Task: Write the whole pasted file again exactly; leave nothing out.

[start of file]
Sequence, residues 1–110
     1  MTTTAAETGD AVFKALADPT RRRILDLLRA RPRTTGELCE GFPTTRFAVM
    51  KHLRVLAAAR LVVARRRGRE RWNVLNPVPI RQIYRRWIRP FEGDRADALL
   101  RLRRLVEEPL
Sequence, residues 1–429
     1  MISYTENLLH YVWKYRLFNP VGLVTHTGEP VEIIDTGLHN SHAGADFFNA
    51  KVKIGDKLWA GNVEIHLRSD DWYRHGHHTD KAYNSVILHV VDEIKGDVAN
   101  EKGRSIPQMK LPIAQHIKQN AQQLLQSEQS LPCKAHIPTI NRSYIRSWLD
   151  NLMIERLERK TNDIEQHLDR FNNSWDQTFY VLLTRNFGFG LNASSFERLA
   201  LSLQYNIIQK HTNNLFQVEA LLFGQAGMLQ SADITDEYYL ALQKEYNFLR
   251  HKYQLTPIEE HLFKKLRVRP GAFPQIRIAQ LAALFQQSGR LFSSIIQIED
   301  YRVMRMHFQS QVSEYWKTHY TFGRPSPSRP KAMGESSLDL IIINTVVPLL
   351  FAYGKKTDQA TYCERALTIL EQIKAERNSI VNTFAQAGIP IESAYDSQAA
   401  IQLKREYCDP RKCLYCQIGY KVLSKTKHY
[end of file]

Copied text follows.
Sequence, residues 1–110
     1  MTTTAAETGD AVFKALADPT RRRILDLLRA RPRTTGELCE GFPTTRFAVM
    51  KHLRVLAAAR LVVARRRGRE RWNVLNPVPI RQIYRRWIRP FEGDRADALL
   101  RLRRLVEEPL
Sequence, residues 1–429
     1  MISYTENLLH YVWKYRLFNP VGLVTHTGEP VEIIDTGLHN SHAGADFFNA
    51  KVKIGDKLWA GNVEIHLRSD DWYRHGHHTD KAYNSVILHV VDEIKGDVAN
   101  EKGRSIPQMK LPIAQHIKQN AQQLLQSEQS LPCKAHIPTI NRSYIRSWLD
   151  NLMIERLERK TNDIEQHLDR FNNSWDQTFY VLLTRNFGFG LNASSFERLA
   201  LSLQYNIIQK HTNNLFQVEA LLFGQAGMLQ SADITDEYYL ALQKEYNFLR
   251  HKYQLTPIEE HLFKKLRVRP GAFPQIRIAQ LAALFQQSGR LFSSIIQIED
   301  YRVMRMHFQS QVSEYWKTHY TFGRPSPSRP KAMGESSLDL IIINTVVPLL
   351  FAYGKKTDQA TYCERALTIL EQIKAERNSI VNTFAQAGIP IESAYDSQAA
   401  IQLKREYCDP RKCLYCQIGY KVLSKTKHY